Driven by Data

How should I choose a student recruitment budget?

As many school administrators and staff already know, approximately 90% of funding received by schools is driven by enrollment. Student recruitment can drive enrollment, and thus has a significant impact on the financial stability of your school.

Deciding the appropriate amount of funding to dedicate to student recruitment can be a challenge because the level of spending is not necessarily proportionate to the overall budget. Further, measuring the return on your student recruitment spending can be difficult.

In order to be effective, student recruitment spending does not need to break the bank, but it does need to be well thought out to address the specific and unique position of your school.

Three things to consider when determining your student recruitment budget:

  1. Student recruitment does not have to be a large portion of the budget to be successful.

As an example, D.C. schools spent an average of 0.3% of revenue on student recruiting in FY18. This spending largely went toward marketing materials, advertisements in public transportation, and smaller amounts toward merchandise and gift cards. This spending benchmark does not include the cost of staff time which is often significant.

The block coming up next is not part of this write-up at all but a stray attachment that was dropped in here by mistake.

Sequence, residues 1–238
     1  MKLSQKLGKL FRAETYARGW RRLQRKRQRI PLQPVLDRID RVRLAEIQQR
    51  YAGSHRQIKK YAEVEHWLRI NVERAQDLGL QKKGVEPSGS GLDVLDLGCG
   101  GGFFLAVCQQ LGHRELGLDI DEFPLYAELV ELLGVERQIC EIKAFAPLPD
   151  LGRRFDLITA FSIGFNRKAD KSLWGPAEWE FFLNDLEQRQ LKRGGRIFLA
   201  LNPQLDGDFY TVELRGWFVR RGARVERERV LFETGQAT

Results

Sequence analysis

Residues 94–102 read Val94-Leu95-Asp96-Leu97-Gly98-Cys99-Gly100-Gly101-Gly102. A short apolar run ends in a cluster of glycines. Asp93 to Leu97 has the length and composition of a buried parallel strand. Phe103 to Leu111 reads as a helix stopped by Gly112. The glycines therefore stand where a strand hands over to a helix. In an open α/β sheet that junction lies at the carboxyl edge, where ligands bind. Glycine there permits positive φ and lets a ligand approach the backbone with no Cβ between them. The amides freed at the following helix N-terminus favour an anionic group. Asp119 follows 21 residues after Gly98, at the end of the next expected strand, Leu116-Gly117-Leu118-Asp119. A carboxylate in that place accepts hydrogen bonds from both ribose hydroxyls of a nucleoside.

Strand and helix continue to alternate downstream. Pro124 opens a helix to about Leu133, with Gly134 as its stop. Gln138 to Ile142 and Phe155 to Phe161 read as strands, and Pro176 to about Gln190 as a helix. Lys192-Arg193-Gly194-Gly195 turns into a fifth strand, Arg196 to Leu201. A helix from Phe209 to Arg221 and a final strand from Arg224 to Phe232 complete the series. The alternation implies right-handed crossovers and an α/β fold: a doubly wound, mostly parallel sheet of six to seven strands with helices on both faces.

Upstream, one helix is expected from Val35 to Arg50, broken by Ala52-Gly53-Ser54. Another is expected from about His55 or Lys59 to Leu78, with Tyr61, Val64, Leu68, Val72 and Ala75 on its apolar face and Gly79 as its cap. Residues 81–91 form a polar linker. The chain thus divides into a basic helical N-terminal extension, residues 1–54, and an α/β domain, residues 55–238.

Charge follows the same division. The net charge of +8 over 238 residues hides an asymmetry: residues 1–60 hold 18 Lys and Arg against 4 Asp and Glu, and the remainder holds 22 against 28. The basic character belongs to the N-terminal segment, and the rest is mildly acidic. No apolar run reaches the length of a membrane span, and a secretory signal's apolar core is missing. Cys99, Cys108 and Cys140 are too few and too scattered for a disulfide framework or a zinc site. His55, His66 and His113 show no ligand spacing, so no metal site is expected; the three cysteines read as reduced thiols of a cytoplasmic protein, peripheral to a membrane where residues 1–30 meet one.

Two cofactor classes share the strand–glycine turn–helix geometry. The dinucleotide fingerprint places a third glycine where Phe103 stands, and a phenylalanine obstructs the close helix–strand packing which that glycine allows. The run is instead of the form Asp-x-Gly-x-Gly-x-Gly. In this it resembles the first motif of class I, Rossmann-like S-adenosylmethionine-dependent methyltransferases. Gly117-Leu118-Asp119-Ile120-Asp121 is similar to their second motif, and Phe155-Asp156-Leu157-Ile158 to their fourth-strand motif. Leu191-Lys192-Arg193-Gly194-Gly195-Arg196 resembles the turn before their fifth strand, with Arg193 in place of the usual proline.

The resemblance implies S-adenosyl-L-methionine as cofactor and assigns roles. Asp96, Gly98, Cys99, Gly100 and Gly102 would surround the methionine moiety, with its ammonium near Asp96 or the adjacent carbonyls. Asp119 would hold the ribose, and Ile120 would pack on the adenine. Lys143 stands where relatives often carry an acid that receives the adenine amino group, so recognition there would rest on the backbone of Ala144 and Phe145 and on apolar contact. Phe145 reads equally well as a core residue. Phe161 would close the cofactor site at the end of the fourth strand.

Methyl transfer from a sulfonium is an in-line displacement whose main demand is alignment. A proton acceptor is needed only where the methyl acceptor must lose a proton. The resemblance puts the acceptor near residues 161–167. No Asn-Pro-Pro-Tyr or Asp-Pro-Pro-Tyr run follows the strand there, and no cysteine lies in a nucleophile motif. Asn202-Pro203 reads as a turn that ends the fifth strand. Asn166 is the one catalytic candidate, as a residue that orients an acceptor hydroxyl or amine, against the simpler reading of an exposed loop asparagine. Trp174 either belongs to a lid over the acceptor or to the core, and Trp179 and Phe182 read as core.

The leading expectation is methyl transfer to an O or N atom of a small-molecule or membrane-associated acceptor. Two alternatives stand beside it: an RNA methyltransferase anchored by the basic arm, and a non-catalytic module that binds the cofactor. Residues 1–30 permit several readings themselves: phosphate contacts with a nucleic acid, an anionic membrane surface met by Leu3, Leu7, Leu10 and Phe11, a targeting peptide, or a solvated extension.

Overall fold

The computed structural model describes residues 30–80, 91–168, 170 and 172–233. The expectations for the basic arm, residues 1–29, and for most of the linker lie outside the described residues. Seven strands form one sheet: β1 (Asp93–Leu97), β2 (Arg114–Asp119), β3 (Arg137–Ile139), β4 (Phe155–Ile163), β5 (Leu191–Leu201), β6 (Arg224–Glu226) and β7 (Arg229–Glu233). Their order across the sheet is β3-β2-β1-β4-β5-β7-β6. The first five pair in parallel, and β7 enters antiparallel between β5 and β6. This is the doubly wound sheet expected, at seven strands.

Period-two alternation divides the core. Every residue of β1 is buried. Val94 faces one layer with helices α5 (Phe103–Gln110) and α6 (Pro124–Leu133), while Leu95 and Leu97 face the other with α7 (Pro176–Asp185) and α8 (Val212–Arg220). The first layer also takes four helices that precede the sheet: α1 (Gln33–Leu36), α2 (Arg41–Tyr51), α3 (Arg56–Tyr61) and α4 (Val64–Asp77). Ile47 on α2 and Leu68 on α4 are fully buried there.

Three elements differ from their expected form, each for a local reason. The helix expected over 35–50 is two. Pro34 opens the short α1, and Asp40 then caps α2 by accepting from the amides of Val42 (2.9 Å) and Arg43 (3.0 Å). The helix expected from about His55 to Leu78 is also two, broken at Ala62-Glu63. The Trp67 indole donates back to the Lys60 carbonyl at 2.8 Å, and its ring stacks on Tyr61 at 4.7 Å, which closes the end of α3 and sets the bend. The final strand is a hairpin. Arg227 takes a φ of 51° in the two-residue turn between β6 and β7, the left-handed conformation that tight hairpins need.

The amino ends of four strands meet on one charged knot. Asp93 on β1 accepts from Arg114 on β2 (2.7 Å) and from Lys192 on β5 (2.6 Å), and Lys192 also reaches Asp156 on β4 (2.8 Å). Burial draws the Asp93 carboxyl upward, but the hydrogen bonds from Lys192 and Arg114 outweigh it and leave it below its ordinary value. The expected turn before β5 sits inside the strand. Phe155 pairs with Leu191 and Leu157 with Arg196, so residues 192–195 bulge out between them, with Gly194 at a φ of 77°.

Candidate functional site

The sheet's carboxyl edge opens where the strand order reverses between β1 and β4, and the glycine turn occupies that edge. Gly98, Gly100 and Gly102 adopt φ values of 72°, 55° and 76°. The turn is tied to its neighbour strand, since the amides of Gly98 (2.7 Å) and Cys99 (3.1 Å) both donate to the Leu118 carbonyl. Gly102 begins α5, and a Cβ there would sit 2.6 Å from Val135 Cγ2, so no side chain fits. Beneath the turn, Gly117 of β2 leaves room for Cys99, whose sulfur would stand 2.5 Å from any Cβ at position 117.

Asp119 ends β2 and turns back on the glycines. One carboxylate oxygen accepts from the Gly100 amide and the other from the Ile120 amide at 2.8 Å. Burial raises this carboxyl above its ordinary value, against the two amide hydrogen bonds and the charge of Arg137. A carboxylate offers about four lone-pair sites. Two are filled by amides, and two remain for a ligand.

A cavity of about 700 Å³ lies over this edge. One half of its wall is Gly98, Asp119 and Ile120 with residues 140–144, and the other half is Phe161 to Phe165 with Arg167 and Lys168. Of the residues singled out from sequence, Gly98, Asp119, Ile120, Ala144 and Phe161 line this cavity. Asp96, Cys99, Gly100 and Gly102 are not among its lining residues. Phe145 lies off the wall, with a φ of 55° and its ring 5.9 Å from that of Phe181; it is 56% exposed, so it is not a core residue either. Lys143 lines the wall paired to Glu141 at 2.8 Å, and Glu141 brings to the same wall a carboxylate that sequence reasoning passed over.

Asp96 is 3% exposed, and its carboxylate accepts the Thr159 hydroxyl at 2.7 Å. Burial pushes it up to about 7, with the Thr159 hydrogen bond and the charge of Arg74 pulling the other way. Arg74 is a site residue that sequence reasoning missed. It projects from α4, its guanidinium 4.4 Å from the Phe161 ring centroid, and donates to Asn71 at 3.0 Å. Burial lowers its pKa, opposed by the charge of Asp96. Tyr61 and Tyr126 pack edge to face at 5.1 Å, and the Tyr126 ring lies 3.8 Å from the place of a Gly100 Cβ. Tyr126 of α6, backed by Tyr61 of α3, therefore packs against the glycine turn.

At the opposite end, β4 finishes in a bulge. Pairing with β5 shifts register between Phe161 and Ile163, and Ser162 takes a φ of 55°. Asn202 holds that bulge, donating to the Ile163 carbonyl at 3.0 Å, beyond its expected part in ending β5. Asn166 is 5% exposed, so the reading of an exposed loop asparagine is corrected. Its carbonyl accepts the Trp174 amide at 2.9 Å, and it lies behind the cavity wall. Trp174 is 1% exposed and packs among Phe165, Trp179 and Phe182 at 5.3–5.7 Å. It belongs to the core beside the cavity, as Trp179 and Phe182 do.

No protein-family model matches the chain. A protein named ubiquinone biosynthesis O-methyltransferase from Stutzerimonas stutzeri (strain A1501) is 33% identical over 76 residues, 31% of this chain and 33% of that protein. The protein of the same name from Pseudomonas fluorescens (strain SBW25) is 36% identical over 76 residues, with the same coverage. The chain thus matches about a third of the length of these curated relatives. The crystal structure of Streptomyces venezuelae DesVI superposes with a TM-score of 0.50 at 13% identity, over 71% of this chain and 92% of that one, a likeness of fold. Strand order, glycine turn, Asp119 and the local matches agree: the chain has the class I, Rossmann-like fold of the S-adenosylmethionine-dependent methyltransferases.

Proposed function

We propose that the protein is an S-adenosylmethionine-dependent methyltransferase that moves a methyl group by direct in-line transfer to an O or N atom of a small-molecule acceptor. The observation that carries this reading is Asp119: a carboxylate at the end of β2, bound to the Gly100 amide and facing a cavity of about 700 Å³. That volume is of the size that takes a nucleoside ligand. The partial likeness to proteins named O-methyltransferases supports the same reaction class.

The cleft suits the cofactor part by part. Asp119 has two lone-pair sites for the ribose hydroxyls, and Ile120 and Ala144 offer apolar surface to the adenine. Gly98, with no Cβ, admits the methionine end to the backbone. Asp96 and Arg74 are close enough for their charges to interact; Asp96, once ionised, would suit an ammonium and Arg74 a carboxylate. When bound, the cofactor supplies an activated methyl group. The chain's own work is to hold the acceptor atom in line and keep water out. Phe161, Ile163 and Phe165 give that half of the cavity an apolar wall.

1. Your school’s academic rating will likely influence the amount of funding put toward student recruiting.

In D.C., schools with more favorable academic ratings spent below average on student recruitment, while schools with less favorable ratings spent well above the average (see graph below). The Tier 1 schools typically spent less than their lower-ranked peers. More notably, Tier 2 and Tier 3 schools that were able to meet their enrollment targets spent twice the average. While the correlation between school rating and student recruitment expenditures will not be the same for every school, it is important to recognize that your school’s academic rating will have an impact on the number of resources your school will need to dedicate to student recruitment. 

Source: EdOps Research FY18

  1. Create a mechanism to measure the return on your recruiting expenditure.

We know that most schools concentrate spending in marketing materials and public transportation advertisements, but many schools are not able to determine which method of recruitment actually brought students to enroll at the school. Taking measures to identify what student recruitment methods reached your prospective students allows you to better focus efforts and improve in future years.

[This post contributed by Michael Watts, Senior Finance Specialist.]